'Tis the season -- countless high school seniors' breathless daily jaunts to the mailbox to see what colleges they'll be attending when the leaves start to turn next fall. Perhaps grimacing at the slim business envelopes containing brief, impersonal rejection letters printed over a college admission's officer rubber-stamped signature. Rejoicing when the mailbox moans bearing the weight of an over-sized envelope stuffed with a cavalcade of forms to be completed and returned scant weeks in advance of setting foot on the campus that was the object of desire and hope for many months past.
In the 1970's, when we were high school seniors applying to colleges and the Internet wasn't yet a gleam in anyone's eyes but DARPA's, each of our college applications was a painstakingly hand-crafted document. Each application required a lot of time, thought and work. Every august institution of higher learning had its own particular paper application that was the non-negotiable price of the ticket to be considered for admission.The majority of applications were handwritten. The more technologically courageous of us pecked out our applications on primitive machines, one long application at a time, with Royal typewriter keys slapping black ink into blank application spaces late into night after night. That was the way we filled out our applications to college, and that was the way millions of students did so before and for a good while after us.
The rigorous (if tedious) process of filling out applications meant that we only applied to a handful of colleges, ranging from ones we were confident would grant us admission, to one or two that roosted on the loftiest perches of our grandest collegiate ambitions. No one I knew applied to more than six colleges, and most applied to five or fewer. We applied only to the schools we were genuinely interested in attending, and we would have been pleased to invest four years of study at any one of the schools to which we applied.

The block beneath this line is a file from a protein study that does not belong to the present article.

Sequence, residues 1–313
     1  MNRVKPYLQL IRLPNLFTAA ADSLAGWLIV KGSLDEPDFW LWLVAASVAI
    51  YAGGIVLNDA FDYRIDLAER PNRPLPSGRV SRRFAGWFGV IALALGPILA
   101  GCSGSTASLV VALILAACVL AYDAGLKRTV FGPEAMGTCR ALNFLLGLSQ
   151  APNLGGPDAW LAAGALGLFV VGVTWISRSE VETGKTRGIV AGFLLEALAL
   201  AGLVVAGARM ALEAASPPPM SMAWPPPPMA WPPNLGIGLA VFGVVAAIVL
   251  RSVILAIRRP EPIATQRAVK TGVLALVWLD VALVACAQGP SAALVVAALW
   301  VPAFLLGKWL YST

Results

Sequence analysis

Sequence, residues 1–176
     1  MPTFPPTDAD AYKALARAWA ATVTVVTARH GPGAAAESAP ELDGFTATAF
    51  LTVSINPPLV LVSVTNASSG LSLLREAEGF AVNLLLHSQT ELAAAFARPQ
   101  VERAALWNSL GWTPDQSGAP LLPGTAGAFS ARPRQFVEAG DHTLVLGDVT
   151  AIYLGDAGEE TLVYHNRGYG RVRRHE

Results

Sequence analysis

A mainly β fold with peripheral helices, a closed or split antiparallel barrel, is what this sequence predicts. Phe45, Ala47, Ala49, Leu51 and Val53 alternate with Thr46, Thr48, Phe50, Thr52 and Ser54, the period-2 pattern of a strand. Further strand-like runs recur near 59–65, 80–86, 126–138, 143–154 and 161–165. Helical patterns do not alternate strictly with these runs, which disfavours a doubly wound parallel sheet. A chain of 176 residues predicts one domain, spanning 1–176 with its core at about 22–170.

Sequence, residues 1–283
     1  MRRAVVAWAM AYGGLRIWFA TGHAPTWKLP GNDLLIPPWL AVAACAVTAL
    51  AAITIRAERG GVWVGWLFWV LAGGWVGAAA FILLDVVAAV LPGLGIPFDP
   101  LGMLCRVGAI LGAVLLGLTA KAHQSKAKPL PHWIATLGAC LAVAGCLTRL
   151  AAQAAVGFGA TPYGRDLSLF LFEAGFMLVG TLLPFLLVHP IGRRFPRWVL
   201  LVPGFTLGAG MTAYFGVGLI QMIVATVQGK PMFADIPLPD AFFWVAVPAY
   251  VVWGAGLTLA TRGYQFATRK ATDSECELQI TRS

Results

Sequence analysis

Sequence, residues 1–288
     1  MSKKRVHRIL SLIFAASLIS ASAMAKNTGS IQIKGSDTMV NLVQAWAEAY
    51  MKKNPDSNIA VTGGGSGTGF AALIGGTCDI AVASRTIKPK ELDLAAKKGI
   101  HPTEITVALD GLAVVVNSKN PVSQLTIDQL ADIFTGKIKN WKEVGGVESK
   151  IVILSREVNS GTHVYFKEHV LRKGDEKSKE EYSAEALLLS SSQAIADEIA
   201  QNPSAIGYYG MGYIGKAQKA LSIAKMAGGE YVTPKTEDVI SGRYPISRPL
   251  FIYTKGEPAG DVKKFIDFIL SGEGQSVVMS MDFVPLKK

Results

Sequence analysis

The applications themselves were replete with essay questions. The requirement per application of a half dozen or more 500+ word essays on a variety of topics was far more the norm than the exception. I remember distinctly my response to one essay question in my damn-the-torpedoes application to Harvard University. The query asked were I admitted, what unique gifts I would bring to Harvard. Surging with youthful hubris, my essay began, "Ask not what I can do for Harvard, but what Harvard can do for me."
I was not admitted to Harvard.
Times have changed, and like everything else DARPA's baby has touched in the past couple of decades, the Internet has restructured the college application process. Today, the overwhelming majority of collegiate applications are completed and submitted online, via the "Common Application." As of this writing, the Common Application is the preferred application method for 456 higher learning institutions in 46 states and the District of Columbia (as well universities in France, Germany, Italy, Scotland and Switzerland). For 148 of those 456 schools, the Common Application is the only permissible way to apply for admission.
While participating colleges are free to require additional information or responses to those on the Common Application's standard face, most don't. Those that do, don't necessarily solicit replies to additional essay questions. Reading essays takes time, you see.
How many essay questions are required by the standard Common Application? One -- "an essay of 250 to 500 words," on one of six topics. That's it. That's the entire extent of original, creative and well-reasoned writing demanded of college aspirants on the standard Common Application.
I've seen Thanksgiving grocery shopping lists with more than 250 words.
Regardless of the discipline, including mathematics and the hard sciences, effective writing is the crux of meaningfully recording and communicating ideas. There is no substitute for it. Accordingly, at the very least it's strange that the currently preferred procedure for millions of applicants to gain admittance to our citadels of higher learning deemphasizes rigorous writing.
The intriguing inquiry is, who benefits more from the point-and-click college application system: the applicants, or the colleges?